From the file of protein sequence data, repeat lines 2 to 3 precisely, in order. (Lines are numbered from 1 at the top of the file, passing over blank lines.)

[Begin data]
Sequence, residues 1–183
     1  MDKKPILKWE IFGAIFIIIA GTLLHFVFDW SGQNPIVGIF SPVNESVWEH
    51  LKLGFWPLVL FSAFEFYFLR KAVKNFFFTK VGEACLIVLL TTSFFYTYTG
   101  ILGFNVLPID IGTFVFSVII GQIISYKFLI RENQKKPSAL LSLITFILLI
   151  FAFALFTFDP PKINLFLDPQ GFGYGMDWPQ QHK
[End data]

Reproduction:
     1  MDKKPILKWE IFGAIFIIIA GTLLHFVFDW SGQNPIVGIF SPVNESVWEH
    51  LKLGFWPLVL FSAFEFYFLR KAVKNFFFTK VGEACLIVLL TTSFFYTYTG